That unexpected knocking
was a wheeze of terror in the breath of early morning.
Startled from my rapid eye movement, I groped
for a measure of comprehension and dashed
to the door. My elderly neighbor,
breathless and pale, holding to the ledge of panic
with weak fingernails, fearing for his wife.
Then a snap-like sequence ending in a plea,
and a rapid return unto his stricken love.
I stood on the icy porch and listened
as the siren slashed the predawn quiet
like the plaintive wail of a mass extinction.
In the glare of lights that made me squint,
I waved an arm overhead
and directly paramedics were hurrying down stairs
through the door. A mustache of perspiration
quivered above Tom’s lip; he searched for keys,
stirring like a question mark in blue slippers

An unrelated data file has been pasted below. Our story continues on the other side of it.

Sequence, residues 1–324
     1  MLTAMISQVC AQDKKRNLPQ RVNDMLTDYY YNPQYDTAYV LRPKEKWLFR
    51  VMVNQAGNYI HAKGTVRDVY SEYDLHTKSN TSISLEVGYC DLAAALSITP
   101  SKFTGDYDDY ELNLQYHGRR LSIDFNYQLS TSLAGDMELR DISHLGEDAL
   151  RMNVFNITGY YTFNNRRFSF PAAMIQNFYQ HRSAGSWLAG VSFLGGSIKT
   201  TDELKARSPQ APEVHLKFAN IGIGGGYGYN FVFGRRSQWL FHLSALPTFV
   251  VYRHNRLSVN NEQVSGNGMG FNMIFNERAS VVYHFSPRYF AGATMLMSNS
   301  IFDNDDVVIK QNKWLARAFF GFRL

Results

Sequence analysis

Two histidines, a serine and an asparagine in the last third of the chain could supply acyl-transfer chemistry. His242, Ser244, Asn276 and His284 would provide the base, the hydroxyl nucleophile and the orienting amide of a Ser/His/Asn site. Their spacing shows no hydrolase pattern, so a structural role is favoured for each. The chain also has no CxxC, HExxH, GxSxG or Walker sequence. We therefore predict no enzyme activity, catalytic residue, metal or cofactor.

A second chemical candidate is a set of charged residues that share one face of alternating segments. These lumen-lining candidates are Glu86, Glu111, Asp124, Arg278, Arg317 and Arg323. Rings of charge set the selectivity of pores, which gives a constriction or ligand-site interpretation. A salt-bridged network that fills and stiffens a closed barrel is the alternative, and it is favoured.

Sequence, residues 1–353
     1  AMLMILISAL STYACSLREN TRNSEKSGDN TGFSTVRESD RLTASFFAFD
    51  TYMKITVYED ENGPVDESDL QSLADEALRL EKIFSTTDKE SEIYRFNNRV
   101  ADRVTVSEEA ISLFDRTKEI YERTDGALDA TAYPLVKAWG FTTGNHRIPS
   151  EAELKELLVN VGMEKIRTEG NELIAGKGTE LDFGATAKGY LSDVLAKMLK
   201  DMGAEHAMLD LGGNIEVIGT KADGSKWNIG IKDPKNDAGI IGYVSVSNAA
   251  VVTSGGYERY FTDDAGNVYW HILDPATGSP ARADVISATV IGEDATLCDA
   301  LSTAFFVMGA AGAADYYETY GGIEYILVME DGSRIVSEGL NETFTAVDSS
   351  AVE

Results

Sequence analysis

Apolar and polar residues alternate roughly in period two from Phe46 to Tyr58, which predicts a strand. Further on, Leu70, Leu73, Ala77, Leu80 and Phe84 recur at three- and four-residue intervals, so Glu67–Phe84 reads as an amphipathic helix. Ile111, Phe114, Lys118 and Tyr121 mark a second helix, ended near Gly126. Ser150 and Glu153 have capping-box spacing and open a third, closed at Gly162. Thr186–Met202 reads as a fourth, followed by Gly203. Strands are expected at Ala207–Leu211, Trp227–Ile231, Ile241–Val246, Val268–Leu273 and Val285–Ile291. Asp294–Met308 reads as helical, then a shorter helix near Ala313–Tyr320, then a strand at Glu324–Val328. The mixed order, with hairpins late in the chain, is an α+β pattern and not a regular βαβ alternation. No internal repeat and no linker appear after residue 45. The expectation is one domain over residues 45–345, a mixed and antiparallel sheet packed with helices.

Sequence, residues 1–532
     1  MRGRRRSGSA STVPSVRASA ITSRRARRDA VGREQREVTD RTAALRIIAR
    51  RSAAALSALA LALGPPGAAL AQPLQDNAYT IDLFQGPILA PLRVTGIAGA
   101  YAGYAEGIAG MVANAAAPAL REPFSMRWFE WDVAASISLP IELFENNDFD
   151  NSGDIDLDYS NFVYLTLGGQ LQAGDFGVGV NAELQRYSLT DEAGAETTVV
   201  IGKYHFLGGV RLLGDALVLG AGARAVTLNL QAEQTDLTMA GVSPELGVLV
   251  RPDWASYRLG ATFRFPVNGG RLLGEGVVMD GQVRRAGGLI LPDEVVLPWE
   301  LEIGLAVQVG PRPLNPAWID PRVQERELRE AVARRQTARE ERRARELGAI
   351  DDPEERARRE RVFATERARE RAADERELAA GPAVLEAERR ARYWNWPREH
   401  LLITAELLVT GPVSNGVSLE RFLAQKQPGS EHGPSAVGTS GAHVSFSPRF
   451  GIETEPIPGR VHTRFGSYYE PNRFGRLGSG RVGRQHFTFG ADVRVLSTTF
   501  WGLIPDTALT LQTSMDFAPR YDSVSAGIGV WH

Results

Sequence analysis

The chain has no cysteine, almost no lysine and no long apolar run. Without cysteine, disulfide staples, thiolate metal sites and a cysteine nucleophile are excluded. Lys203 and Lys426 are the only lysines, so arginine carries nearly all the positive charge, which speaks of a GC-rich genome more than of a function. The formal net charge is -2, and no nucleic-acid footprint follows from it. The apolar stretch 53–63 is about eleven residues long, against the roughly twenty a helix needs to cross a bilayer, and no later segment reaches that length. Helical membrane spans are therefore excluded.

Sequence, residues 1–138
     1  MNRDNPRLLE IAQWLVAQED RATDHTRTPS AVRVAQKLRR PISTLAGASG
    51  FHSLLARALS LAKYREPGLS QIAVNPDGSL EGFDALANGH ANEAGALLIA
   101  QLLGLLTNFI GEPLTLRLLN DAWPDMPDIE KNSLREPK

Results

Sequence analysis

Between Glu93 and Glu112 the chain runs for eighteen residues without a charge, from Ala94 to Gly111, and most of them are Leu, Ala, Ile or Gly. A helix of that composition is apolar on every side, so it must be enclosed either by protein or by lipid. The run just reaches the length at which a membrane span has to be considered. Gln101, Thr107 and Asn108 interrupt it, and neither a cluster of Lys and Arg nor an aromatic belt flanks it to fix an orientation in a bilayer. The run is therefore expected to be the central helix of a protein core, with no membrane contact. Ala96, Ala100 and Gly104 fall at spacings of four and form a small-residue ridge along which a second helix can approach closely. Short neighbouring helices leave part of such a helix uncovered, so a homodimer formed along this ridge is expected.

and half-buttoned flannel.
It was not Helen’s way for thirty years
to listen to her health nor have the doctors
look into her eyes. Perhaps it was the throw-rug
of pride under which she swept improvidence; I do not know.
But a diamond will not sparkle when enshrouded
in a tomb. Another species, a gray bewildered cat,
remained beneath the kitchen table, motionless.
Early on a Saturday, fine crystal fell to jagged rock,
and I looked down to witness the consequence of neglect.
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